3 Things to Know About a Jumbo Loan

March 13, 2020 | 3 Minute read

3 Things to Know About Jumbo Loans

If you’re in the market for a home that costs more than $500,000, you may need a jumbo loan. But do you know what that really means? For instance, did you know that jumbo loans have stricter qualifications than a traditional mortgage? 

Read on to find out 3 things you need to know about jumbo loans. 

What is a Jumbo Loan? 

Simply put, a jumbo loan is a type of mortgage that is used to finance a home that is too expensive for a traditional conforming loan. In most places, the maximum amount for a traditional mortgage loan is $510,400, as set by the FHFA, or the Federal Housing Finance Agency. Houses that exceed this specific local limit will require a jumbo loan. 

Aptly named, jumbo loans are also known as non-conforming conventional mortgages, and they are considered to be a riskier investment for lenders because these types of loans aren’t guaranteed by Fannie Mae and Freddie Mac. In other words, if you default on your mortgage loan, there is no protection built-in for your lender. 

As with traditional conforming loans, there are jumbo loans that are available with either a fixed interest rate or an adjustable rate, and different loans will come with a variety of different terms and conditions. 

How to Qualify for a Jumbo Loan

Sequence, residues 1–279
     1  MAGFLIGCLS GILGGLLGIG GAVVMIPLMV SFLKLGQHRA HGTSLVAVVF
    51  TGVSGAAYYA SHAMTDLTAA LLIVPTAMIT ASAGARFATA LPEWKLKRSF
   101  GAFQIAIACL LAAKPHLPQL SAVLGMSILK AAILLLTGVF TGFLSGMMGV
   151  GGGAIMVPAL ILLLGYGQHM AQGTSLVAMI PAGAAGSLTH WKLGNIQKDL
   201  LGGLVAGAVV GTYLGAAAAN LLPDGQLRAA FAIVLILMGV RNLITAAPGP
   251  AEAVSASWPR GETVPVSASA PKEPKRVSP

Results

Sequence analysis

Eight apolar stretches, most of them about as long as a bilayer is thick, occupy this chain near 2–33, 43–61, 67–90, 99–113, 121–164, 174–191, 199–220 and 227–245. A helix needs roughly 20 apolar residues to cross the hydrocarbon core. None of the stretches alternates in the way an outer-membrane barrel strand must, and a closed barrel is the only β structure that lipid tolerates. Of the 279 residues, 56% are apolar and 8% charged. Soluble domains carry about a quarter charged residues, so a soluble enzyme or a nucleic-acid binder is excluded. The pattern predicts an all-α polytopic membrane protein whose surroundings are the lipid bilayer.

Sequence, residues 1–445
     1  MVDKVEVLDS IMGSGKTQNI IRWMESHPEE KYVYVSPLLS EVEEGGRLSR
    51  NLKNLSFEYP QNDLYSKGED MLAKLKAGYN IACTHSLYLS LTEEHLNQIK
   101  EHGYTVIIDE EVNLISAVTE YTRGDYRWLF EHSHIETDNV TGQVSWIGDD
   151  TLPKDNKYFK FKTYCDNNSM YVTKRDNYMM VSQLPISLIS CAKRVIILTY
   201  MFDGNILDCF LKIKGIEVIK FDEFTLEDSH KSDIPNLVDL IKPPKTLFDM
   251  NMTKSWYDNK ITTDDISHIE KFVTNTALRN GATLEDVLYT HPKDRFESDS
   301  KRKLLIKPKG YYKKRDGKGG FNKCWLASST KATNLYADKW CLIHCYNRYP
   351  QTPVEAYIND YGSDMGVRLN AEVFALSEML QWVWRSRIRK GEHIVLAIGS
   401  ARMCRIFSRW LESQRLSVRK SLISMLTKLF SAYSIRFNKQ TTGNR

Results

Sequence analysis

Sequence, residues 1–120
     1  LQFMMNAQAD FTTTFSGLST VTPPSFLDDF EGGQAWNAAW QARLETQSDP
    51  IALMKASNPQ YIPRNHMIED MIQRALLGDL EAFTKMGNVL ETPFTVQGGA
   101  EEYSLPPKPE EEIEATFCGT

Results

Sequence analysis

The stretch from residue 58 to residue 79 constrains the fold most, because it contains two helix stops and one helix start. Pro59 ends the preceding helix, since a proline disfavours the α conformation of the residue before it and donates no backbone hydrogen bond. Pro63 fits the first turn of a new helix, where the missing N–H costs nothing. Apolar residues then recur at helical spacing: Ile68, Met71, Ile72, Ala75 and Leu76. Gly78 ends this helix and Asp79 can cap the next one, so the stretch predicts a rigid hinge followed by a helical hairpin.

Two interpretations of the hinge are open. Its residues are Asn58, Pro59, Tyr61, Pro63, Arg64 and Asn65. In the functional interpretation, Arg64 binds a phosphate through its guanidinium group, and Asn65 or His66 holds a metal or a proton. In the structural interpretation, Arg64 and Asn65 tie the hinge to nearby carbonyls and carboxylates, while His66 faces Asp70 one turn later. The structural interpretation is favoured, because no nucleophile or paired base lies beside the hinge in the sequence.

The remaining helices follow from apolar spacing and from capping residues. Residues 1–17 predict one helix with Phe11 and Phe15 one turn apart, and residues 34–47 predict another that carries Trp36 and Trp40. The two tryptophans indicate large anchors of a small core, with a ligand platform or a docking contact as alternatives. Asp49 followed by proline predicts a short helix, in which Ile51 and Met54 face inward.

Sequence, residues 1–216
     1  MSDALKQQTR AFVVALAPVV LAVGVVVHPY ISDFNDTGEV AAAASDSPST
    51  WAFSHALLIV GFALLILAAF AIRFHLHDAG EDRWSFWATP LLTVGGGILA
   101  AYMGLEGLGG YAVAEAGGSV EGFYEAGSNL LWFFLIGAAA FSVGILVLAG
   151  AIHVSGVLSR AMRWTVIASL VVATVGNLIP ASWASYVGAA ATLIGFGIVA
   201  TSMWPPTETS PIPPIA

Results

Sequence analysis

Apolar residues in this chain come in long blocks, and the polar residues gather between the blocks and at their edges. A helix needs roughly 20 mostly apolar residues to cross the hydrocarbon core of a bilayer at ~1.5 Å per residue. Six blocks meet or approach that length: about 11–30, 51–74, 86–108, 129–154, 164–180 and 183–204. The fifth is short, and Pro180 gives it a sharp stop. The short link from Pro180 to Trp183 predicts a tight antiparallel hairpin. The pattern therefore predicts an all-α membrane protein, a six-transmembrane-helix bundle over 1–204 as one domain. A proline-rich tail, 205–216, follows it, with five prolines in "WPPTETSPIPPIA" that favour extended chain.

Since these loans are considered a riskier move for lenders and because the loans are larger, the underwriting criteria for jumbo loans tend to be stricter regarding the following factors:

  • Credit score. Often, to qualify for a jumbo loan, lenders will require you to have a strong credit score, usually higher than 700. Sometimes, lenders require a credit score higher than 720 to qualify for these types of products. 
  • Debt to income ratio. In addition to your credit score, lenders will also look at your debt to income ratio or your DTI. Lenders want to make sure that you don’t become over-leveraged in your finances — and default on your loan. While some lenders are willing to be more flexible if you can demonstrate substantial cash reserves, most lenders have a cap for the DTI they will accept. 
  • Cash reserves. Not surprisingly, you’re more likely to qualify for a jumbo loan if you can show that you have a significant amount of cash in the bank. Don’t be surprised if your lender asks you to prove that you have enough cash to cover one year of your mortgage payments before approving you for a jumbo loan.
  • Appraisals. When you’re planning to make such a substantial purchase, some lenders may require more than one appraisal of the property. 

What are the Benefits of a Jumbo Loan? 

The biggest benefit of a jumbo loan is that it allows borrowers the opportunity to go beyond the limitations of Fannie and Freddie when shopping for a home. In other words, you can still receive a competitive interest rate and finance your dream home, without the limitations that are imposed with traditional conforming mortgages. 

Jumbo loans are also a convenient option for financing a property. Rather than taking out two conforming loans to purchase a property, you can take out one jumbo loan. And lastly, many borrowers prefer to finance a more substantial portion of the home’s cost rather than tying up their cash, making this type of loan an especially helpful tool in financing. 

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Ready to start your real estate search or apply for a mortgage loan? We’re here to help. Contact us today.

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